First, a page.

It's called compounding interest, you buy it today for $1, and over time it's value goes up to $10.
Now, when you buy at a regular pay period, you want them to be as cheap as possible, buy low, sell high.
You obviously can't time the buying in a 401k, but you can shift it around a little, --though when the market goes up, you want to be along for the ride. I don't shift.
When you retire, your average cost will be cheaper then what you sell them for, if the market plays out historically, and if not, my Dad say's there won't be anything left to do with your money anyhow.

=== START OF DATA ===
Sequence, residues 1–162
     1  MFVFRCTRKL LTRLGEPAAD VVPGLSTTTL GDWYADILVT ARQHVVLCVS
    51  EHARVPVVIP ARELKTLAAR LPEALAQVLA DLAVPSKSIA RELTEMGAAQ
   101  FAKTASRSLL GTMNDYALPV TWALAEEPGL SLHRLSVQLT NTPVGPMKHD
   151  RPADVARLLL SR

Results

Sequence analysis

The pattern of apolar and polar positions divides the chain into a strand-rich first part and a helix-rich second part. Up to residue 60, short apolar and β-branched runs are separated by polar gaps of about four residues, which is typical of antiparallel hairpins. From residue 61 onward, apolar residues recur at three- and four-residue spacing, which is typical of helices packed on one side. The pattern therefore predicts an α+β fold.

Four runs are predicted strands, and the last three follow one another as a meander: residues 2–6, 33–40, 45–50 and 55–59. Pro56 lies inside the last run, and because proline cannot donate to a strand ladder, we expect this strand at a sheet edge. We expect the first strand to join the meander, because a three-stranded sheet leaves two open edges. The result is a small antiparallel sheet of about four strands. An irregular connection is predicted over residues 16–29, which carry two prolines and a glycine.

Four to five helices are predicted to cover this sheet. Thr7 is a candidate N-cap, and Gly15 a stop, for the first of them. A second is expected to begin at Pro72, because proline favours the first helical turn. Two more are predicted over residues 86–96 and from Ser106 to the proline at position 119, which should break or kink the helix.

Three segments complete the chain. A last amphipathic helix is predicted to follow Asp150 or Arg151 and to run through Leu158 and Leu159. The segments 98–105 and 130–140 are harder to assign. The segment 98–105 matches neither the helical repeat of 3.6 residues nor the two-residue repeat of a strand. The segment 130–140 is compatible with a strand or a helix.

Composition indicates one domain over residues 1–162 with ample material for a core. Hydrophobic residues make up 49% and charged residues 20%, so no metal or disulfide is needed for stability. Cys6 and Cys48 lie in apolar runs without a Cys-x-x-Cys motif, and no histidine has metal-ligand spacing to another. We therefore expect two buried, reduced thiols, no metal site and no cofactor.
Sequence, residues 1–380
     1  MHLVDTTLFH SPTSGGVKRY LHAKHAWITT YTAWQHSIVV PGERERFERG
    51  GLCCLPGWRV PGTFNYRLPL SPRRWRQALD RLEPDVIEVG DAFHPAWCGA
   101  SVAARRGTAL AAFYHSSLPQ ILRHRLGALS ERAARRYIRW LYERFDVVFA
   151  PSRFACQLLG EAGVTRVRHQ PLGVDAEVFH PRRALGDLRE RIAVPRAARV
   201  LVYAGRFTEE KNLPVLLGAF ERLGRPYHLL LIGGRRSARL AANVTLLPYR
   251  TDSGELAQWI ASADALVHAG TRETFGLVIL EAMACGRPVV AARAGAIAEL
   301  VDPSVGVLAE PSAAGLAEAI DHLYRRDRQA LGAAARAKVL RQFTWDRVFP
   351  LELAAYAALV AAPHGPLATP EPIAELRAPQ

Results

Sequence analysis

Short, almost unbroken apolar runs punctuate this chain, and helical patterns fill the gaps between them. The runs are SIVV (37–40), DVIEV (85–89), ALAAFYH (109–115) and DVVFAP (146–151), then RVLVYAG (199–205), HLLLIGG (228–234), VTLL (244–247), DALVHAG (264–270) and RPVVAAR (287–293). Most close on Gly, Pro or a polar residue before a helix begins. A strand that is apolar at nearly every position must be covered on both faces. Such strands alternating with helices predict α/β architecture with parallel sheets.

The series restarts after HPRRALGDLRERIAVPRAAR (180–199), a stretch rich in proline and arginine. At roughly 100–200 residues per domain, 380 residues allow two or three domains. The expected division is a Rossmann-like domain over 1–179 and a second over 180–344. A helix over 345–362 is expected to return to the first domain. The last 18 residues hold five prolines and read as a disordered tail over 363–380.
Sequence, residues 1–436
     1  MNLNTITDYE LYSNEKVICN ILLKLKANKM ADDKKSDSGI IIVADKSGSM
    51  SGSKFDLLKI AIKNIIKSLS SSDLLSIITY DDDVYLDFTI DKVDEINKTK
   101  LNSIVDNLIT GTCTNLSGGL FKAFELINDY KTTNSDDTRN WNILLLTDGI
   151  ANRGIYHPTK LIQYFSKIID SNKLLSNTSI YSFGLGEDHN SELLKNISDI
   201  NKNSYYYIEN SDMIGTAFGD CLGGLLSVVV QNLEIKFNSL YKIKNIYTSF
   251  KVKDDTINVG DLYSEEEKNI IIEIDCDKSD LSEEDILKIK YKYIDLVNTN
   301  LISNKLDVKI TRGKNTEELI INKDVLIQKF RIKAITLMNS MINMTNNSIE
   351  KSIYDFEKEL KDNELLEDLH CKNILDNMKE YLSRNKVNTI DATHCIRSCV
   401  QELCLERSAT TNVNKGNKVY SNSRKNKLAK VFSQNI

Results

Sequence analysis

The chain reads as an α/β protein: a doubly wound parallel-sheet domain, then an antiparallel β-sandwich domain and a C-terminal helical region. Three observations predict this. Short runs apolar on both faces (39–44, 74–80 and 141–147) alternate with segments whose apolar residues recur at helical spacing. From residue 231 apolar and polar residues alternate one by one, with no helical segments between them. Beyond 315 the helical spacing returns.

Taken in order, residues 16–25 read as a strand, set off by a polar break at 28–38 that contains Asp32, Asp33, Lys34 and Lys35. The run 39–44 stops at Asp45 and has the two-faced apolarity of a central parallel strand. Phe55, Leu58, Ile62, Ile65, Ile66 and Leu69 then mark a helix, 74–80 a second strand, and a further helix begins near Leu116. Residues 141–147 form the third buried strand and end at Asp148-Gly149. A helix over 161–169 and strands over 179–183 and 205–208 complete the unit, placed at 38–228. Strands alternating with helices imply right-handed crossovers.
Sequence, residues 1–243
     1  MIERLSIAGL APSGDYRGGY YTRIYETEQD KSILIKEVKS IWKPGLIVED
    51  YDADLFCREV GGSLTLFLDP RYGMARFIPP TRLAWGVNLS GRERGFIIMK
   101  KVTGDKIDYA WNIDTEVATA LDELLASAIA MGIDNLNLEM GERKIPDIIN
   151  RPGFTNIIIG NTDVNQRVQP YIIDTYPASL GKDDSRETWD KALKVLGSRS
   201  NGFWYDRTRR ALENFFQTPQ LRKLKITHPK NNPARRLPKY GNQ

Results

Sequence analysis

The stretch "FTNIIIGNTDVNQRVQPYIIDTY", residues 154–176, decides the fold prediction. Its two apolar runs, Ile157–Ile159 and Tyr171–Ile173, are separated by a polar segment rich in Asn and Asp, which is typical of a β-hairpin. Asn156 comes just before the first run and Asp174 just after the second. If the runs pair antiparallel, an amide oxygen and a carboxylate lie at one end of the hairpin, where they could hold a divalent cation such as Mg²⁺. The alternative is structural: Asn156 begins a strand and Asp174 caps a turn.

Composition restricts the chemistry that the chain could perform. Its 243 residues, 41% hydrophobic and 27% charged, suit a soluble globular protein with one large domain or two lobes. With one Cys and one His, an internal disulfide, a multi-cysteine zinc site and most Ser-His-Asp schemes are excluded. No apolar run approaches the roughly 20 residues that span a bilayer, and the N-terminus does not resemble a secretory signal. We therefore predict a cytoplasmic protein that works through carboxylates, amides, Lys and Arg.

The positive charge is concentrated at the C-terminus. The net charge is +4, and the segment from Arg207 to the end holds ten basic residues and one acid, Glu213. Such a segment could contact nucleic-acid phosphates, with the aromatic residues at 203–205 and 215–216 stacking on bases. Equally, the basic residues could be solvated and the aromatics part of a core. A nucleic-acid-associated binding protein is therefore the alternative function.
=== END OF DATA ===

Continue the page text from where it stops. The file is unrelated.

Just get enough to be sure to get all companies matching funds, that's the first part of getting a return. I wouldn't go over that limit, if you want to save more take it and go invest in something else.
I got 27 years before I can retire so, because my time horizon could ride out the lows in the market, I go for the higher risk funds too. When I'm 50 or so then I'll think about being a little conservative.